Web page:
Lifelong resident Ellsworth Newberry, scouted by the Brooklyn Dodgers in his youth, once looked forward to a shot at becoming a MLB pitcher. After fighting in the war, Ellsworth returns home an amputee. Not long after, his wife, Eliza, is tragically killed in a church fire while trying to save a mother and child from the flames set by the KKK. Raphael, the little boy, survives, but his mother does not so Raphael is taken in to be raised by Eliza's best friend, Anna Belle. 

 

Ellsworth does notice odd occurrences around town -- namely plants everywhere blooming all at once and out of season -- but he is hesitant to fall in with the chapel adoration crowd. Maybe it's his military experience, but he can't help but be guarded around that which he can't quite understand or logically explain. Such is the case with Lou Eddington. While Anna Belle finds the man nice enough, Ellsworth isn't so convinced. Will time prove Ellsworth's suspicions correct? All I'll say is that the stunt Lou pulls with the "gift"... yeah, pretty jerk maneuver in my book.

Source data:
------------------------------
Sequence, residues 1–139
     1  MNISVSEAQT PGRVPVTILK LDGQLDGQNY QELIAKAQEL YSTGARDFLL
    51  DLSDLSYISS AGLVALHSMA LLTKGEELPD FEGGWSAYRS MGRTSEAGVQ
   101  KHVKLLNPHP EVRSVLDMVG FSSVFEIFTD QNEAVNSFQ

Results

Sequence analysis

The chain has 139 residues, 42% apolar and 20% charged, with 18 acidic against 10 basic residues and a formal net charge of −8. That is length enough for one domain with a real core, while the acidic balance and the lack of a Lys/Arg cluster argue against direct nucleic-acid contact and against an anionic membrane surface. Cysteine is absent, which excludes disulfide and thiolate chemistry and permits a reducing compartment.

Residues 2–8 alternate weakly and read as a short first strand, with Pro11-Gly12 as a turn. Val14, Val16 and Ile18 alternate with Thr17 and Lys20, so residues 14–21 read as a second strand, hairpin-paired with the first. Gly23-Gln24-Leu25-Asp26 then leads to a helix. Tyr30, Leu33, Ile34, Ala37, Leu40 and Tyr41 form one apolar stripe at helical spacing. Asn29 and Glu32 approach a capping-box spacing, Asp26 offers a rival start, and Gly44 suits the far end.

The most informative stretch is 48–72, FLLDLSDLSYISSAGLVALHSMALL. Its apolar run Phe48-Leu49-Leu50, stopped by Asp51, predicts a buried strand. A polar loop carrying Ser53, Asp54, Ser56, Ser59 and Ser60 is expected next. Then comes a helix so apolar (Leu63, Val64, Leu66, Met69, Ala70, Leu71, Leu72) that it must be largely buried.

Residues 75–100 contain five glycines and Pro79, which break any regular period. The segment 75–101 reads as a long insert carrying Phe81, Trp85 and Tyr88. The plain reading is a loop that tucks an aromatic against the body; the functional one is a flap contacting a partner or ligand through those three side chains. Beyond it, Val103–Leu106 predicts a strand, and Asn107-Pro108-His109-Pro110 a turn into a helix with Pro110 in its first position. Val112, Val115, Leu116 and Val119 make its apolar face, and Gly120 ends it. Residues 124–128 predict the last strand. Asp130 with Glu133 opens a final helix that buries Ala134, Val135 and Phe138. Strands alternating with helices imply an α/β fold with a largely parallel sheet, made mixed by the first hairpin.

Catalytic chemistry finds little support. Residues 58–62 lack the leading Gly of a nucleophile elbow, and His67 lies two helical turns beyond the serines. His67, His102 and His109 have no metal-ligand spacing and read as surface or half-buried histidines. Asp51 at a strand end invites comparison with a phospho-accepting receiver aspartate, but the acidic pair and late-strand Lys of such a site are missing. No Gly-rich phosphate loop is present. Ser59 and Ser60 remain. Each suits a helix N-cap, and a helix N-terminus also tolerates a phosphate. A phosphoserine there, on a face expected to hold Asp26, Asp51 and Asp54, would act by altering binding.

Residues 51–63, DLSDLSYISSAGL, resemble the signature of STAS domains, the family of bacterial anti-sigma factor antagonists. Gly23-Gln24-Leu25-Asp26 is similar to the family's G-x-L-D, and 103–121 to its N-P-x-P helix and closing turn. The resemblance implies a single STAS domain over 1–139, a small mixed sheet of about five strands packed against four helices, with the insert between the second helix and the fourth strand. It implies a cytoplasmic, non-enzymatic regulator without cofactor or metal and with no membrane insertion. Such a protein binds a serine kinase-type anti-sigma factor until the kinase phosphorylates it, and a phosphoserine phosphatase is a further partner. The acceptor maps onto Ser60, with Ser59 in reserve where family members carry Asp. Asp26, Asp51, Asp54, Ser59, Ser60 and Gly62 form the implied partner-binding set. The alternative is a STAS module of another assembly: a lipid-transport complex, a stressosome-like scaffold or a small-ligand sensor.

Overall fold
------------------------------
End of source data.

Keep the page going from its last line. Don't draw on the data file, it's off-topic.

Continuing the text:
Then there's young Raphael. "No last name, just Raphael", as he explains. Ellsworth starts off having a bit of a grudge against Raphael, as Ellsworth sees the child as the reason for his wife's death. Raphael is aware of this wall, but he is determined to develop a relationship with Ellsworth. Over time, Ellsworth grudgingly begins to accept Raphael's presence and does start to converse with him, allowing for important healing conversations to begin.

 

Raphael continues to remind the townspeople that the chapel is "bad medicine" (thanks Raph, now I can't get Bon Jovi out of my head). With the help of Anna Belle and Raphael, Ellsworth works to push through his sometimes suicidal depression to come forth and lead his neighbors away from the "fools gold" chapel (as some dubb it), urging them to find strength in numbers so that they may fight the evil that has consumed the once peaceful town.